Of course, we can’t know for sure until we put it to the test. Researchers ran another randomized, double-blind trial, but, this time, tried a cow’s milk formula from which the bovine insulin had been removed. And, indeed, without the bovine insulin exposure, the children built up significantly fewer autoimmune antibodies. What we don’t know yet is whether this will translate into fewer cases of diabetes.


You may also want to check out:

For more on the concerns with cow’s milk exposure in infancy and childhood, see:

I’ve developed a six-part series on the role of gluten-free, casein-free diets in the treatment of autism:

What’s The Best Baby Formula? Breast milk!

In health,
Michael Greger, M.D.

PS: If you haven’t yet, you can subscribe to my free videos here and watch my live presentations:

Milk Consumption Is Linked to Type 1 Diabetes

Type 1 diabetes, which typically strikes children and young adults, is an autoimmune disease in which our own immune system attacks and destroys the insulin-producing cells of our pancreas. Untreated it’s deadly, but even with well-managed insulin replacement, it may shorten life expectancy by a decade. “Families are devastated when a child receives a diagnosis of type 1 diabetes…Thus, one of modern medicine’s ‘holy grails’” is to understand what causes the body to attack itself, in the hopes that we can cure or prevent the disease. Genetic susceptibility plays an important role, but the “concordance for type 1 diabetes is only about 50% among identical twins.” So, even if someone with our exact same DNA gets the disease, there’s only about a 50 percent chance we will get it, too—meaning there must be external factors as well.

Some countries have low rates of incidence, and others have high rates. Japan, for example, has type 1 diabetes rates 18 times lower than the United States. This disparity isn’t due only to genetics, however, because, when children migrate, they tend to acquire the risk of their new home, suggesting it’s got something to do with the environment, diet, or lifestyle. In fact, the incidence rates vary more than 350-fold around the world. Some countries have rates hundreds of times higher than others, and it is on the rise. Researchers looked at 37 populations from around the world and found that the incidence has been increasing about 3 percent a year—our genes don’t change that fast. In fact, they couldn’t find a single population with decreasing incidence of type 1 diabetes.

Something is going on that started around the end of World War II. “The best evidence available suggests that childhood diabetes [also known as type 1 diabetes] showed a stable and relatively low incidence over the first half of the 20th century, followed by a clear increase that began…around…the middle of the century.” Why the increase, though? A number of factors have been postulated, including vitamin D deficiency, certain infections, or exposure to cow’s milk.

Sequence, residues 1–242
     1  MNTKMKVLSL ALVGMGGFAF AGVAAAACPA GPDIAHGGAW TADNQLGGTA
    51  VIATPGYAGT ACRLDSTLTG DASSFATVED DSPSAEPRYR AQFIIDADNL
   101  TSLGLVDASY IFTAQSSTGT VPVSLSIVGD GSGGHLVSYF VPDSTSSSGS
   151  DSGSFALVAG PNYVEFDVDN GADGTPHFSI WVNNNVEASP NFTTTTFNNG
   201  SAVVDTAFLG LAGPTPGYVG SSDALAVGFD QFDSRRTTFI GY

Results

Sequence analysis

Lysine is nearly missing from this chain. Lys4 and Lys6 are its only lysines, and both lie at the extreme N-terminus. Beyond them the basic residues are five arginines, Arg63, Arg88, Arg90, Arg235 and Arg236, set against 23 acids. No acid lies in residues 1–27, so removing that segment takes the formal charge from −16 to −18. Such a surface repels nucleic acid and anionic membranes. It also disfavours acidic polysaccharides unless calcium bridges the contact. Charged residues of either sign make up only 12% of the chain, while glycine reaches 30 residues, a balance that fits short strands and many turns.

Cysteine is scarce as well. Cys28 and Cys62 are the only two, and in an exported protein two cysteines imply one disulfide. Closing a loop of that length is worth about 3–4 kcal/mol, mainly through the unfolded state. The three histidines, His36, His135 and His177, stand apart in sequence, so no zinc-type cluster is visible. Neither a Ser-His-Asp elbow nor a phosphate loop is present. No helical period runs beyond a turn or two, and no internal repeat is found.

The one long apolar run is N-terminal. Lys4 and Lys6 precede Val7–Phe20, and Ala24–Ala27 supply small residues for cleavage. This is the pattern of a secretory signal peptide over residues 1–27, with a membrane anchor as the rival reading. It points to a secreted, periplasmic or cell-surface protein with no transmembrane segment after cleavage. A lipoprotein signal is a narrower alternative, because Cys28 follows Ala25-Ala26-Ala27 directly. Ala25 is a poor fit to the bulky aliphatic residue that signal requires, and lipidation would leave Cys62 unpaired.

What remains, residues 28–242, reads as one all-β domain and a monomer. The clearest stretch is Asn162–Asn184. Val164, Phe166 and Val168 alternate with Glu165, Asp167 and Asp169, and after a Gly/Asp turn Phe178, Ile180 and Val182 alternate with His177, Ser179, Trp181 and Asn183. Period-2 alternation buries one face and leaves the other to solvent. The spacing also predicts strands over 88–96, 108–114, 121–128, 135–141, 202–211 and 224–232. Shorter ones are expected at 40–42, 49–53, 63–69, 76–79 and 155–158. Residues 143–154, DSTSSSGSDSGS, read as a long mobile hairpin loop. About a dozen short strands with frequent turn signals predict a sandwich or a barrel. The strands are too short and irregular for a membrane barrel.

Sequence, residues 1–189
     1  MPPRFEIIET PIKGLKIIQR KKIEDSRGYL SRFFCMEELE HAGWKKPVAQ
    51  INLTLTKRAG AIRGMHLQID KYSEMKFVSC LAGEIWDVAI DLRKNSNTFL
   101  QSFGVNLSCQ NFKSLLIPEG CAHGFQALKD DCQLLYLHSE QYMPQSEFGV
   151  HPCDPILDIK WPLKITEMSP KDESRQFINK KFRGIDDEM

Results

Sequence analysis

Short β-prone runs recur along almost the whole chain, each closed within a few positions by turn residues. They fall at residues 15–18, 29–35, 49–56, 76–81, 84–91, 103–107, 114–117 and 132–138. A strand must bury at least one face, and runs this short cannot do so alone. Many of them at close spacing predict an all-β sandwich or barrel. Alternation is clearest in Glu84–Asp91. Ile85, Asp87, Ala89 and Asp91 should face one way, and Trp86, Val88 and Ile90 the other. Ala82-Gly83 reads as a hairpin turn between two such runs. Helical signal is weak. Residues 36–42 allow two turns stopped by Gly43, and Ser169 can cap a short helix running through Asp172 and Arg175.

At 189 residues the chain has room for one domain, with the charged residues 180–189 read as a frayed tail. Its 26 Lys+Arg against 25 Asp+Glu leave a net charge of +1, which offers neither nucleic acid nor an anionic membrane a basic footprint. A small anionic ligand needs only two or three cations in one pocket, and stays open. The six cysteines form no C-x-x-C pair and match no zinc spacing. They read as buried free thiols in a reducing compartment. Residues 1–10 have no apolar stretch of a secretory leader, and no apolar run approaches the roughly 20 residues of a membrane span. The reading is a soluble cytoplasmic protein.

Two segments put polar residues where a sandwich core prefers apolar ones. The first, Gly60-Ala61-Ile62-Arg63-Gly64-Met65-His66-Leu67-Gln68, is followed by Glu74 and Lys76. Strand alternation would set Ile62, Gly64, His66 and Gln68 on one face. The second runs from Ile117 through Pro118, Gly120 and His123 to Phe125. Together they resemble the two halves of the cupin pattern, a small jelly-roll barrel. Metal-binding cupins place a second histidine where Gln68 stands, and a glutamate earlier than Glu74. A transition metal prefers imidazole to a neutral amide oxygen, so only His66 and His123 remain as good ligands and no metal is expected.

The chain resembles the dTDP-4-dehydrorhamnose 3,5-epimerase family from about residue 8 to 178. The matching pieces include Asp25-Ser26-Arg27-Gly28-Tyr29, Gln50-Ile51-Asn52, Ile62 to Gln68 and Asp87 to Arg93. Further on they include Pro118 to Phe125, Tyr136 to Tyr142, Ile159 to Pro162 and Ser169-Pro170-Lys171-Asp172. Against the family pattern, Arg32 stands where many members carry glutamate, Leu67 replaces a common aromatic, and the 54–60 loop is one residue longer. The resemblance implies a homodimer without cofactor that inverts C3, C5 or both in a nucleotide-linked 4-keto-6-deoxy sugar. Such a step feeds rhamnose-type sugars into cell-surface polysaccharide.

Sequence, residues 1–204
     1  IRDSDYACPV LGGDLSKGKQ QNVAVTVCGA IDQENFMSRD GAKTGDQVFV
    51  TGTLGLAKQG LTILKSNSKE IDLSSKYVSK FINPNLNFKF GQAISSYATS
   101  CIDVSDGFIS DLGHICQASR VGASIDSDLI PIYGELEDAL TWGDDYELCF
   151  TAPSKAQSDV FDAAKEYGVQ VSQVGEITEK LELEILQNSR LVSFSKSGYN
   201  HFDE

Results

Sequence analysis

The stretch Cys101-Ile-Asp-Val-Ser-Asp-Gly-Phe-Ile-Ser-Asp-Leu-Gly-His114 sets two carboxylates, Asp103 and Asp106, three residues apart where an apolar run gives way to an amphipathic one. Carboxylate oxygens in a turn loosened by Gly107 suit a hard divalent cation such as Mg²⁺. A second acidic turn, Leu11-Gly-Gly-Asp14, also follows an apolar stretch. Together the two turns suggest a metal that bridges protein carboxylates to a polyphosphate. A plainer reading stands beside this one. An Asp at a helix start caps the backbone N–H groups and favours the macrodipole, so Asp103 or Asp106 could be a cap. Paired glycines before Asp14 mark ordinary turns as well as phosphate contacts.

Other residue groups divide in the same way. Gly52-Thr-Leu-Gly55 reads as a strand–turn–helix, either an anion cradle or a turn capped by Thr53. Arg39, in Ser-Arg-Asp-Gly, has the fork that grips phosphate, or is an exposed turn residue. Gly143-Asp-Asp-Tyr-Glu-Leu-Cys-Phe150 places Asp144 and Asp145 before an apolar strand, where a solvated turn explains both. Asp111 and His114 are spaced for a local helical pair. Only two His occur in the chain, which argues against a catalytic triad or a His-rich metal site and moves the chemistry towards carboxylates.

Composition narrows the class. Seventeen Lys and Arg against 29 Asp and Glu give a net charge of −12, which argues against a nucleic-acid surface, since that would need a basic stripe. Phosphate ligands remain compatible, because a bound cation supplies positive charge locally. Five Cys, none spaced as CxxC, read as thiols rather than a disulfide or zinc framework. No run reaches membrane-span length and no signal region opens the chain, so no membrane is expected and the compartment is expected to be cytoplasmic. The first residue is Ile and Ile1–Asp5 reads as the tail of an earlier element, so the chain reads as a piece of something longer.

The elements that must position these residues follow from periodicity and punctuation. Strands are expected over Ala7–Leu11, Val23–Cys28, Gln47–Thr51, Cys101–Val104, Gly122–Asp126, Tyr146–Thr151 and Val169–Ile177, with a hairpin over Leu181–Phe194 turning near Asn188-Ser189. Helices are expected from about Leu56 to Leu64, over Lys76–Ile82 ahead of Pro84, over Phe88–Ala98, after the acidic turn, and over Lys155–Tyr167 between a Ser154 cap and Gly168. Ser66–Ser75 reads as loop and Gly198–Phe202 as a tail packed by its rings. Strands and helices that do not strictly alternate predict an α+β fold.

Decades ago, published cross-country comparisons showed a tight correlation between milk consumption and the incidence of  type 1 diabetes. The “analysis showed that 94% of the geographic variation in incidence might be explained by differences in milk consumption.” Investigators in Finland, the country with the highest rates of type 1 diabetes and cow’s milk consumption, led much of the research into this area.

It all started with studies like the one I feature in my video Does Casein in Milk Trigger Type 1 Diabetes?, showing that the less babies are breastfed, the higher the rates of type 1 diabetes, leading to the obvious conclusion that “[b]reast-milk protects the newborn infant.” On the other hand, if babies are not getting breast milk, they’re getting formula, which probably contains cow’s milk proteins. In the first few months of life, our gut is especially leaky to proteins. Is it possible that as our immune system attacks the foreign cow proteins, our pancreas gets caught in the crossfire? This was based on animal experiments, however. In susceptible mice, a diet containing the cow’s milk protein, casein, produced diabetes, but it did not cause diabetes in rats. So, are we more like mice or rats?

Researchers drew blood from children with type 1 diabetes to see if they had elevated levels of antibodies that attack bovine proteins compared to controls. Their finding? Every single child with type 1 diabetes had elevated anti-bovine protein antibodies circulating in their blood compared to much lower levels in the control subjects. That seems pretty convincing, but what about Iceland? They drink more milk in Iceland than in Finland, yet Icelanders have less than half the type 1 diabetes. I explore this paradox in my follow-up video Does Bovine Insulin in Milk Trigger Type 1 Diabetes?.


The vast majority of diabetes cases are type 2, so that’s been my concentration:

I’m pleased to have been able to address type 1 diabetes. For even more on this disease, see:

In health,
Michael Greger, M.D.

PS: If you haven’t yet, you can subscribe to my free videos here and watch my live presentations: